Konami's official statement this morning simply confirmed what everyone had already realized by now. If the project was healthy, these statements would not be made in the first place. As twisted as they were by the press, they were still symptoms of a project having been cancelled. Some sites just jumped from point A to point Z without being willing to double check their work.
In all likelihood, the cancellation isn't simply a business decision being made by Konami. It's not a heartless cancellation of a project highly anticipated by the gaming community just because they're a heartless publisher -- as many gamers might frustratingly claim today. Rather, it's likely this is a result of the relationship ending between Konami and Hideo Kojima earlier this year. Kojima was quite clearly the lead on the project, with his team working in his engine to make the game. No Kojima, no Silent Hills. At least, that makes the most sense to me.
What comes next? Well, unless Konami is able to work out a partnership with Kojima to continue development of Silent Hills as a third-party, we'll all just have to wait patiently for them to find a new future for the franchise. I wouldn't hold my breath, if I were you. It may be a while.
Sunday, Apr 26
Net Articles Summary
- ECS Z97-PK Motherboard Review - PC Perspective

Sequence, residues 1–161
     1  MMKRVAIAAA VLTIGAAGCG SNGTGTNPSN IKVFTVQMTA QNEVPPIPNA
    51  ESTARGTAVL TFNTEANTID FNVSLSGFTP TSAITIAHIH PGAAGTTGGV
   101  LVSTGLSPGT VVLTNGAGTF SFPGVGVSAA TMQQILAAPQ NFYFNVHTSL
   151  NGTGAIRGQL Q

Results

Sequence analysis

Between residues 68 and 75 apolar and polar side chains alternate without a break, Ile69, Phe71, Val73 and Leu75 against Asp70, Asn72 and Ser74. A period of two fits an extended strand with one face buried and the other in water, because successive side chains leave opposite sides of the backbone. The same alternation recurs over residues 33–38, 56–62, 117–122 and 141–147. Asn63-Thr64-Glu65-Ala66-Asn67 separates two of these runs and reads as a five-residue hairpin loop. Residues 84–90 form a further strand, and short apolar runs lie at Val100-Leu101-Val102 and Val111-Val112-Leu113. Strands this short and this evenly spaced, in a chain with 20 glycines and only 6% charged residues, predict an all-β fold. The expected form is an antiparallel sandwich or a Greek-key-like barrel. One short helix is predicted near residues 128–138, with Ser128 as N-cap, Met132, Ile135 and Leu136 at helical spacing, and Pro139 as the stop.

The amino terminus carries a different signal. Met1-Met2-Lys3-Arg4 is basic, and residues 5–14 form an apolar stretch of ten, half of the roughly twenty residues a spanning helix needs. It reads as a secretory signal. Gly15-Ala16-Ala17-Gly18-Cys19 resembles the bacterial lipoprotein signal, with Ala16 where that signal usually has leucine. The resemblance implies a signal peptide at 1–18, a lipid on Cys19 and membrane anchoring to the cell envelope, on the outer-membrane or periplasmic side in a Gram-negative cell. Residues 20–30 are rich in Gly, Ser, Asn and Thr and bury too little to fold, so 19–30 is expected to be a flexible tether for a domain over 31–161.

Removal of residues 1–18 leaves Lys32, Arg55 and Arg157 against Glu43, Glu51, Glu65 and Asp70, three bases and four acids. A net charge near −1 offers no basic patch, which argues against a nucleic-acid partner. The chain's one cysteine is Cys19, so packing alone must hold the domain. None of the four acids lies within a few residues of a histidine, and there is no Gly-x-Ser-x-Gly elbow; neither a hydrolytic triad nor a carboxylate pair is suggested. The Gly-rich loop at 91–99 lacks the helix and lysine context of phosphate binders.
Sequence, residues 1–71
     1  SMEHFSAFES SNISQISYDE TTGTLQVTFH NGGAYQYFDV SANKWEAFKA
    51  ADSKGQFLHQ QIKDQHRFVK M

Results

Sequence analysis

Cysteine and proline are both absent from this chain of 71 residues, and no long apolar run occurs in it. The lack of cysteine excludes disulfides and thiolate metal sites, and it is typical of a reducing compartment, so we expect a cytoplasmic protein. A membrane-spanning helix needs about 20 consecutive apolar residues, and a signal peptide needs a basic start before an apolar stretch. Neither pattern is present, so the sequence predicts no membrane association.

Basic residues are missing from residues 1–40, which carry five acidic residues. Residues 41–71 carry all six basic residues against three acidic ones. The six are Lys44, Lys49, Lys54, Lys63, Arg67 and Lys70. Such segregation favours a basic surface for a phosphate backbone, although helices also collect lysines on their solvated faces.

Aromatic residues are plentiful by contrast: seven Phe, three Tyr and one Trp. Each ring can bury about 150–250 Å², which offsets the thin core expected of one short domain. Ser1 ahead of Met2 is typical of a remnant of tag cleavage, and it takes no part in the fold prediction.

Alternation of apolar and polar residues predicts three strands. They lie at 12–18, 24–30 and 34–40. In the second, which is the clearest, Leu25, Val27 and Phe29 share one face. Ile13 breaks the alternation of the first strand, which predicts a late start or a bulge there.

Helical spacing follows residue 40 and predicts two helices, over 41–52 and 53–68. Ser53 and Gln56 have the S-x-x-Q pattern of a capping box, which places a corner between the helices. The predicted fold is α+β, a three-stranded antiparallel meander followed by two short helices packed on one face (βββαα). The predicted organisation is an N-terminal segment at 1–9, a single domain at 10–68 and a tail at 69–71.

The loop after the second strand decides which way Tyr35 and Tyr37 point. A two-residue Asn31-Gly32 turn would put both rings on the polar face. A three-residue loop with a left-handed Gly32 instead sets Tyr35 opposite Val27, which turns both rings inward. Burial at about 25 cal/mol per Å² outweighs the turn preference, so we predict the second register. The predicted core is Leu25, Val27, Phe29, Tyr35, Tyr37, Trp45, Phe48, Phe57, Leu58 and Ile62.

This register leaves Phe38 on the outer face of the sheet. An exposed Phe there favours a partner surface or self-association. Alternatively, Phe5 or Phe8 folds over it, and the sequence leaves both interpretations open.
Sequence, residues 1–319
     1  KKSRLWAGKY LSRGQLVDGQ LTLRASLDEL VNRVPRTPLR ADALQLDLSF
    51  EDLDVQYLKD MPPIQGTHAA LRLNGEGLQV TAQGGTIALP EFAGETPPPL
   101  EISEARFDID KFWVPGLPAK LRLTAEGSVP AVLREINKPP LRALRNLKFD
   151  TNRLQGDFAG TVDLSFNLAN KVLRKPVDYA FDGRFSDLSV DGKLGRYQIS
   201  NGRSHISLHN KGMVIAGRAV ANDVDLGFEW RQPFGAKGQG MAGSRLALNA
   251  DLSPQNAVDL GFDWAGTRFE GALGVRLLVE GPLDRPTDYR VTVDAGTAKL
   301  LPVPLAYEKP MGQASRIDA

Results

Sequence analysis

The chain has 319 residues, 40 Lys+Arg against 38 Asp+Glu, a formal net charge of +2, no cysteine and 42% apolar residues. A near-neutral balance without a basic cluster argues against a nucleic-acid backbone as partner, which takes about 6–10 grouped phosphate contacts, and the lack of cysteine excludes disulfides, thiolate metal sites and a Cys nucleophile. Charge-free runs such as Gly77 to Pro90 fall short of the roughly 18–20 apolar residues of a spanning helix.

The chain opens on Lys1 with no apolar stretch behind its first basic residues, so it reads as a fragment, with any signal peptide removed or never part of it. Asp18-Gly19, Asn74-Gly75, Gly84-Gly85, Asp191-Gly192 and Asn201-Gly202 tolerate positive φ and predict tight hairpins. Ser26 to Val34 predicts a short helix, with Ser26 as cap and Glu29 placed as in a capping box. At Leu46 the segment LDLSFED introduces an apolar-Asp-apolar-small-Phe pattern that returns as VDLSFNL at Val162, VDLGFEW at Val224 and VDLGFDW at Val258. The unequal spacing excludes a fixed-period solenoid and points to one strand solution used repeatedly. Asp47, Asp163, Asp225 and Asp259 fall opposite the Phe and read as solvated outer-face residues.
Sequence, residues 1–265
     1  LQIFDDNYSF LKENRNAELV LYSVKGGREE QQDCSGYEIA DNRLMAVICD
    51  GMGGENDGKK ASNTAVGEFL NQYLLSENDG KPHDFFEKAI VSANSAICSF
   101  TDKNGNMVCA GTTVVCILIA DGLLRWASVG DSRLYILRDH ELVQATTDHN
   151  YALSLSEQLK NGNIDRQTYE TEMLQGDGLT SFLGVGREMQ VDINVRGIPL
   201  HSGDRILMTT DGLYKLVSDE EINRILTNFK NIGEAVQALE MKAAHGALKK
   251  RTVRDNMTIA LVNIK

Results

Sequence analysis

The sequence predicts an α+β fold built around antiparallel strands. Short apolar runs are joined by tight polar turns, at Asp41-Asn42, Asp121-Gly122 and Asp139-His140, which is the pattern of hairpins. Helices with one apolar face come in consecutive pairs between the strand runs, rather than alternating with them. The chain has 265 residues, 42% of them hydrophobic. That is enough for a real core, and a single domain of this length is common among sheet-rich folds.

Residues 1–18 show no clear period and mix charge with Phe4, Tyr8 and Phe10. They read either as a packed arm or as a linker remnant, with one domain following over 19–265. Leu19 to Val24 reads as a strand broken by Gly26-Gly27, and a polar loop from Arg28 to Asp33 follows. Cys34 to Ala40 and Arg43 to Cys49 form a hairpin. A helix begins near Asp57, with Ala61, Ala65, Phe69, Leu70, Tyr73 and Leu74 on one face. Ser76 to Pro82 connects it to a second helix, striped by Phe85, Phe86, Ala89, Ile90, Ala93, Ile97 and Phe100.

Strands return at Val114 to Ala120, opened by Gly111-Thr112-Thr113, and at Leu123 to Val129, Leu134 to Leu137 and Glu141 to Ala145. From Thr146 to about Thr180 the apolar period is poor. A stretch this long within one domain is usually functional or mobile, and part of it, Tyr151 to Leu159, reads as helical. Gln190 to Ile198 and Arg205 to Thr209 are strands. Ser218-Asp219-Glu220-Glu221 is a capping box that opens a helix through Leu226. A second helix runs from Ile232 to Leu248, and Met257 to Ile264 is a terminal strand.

Guillermo del Toro spoke at the San Francisco Film Festival today, part of early press work for his upcoming movie Crimson Peak. However, as us gamers are very familiar with, del Toro is also involved with an in-development project that has some controversy swirling it around it right now. del Toro, as ever, was more than willing to speak his mind on the current situation regarding Silent Hills. The news is not good.
According to photo-journalist Matt Hackney, who was live-tweeting the event, del Toro announced that his collaboration with Hideo Kojima on Silent Hills would no longer happen. His exact words were, noting that he's talking about collaborating with Kojima and not the status of the game:
"It's not gonna happen and that breaks my greasy heart."
For those unfamiliar, Silent Hills was announced late last year as part of the P.T. (Playable Teaser) horror demo released by Konami. The short and mysterious demo was released to much viral online excitement and only after its completion was Silent Hills officially unveiled. Also revealed was that it would be a project led both Guillermo del Toro and Hideo Kojima. The quality of P.T. itself, as well as the names attached to the project, made Silent Hills one of the most highly anticipated games in development.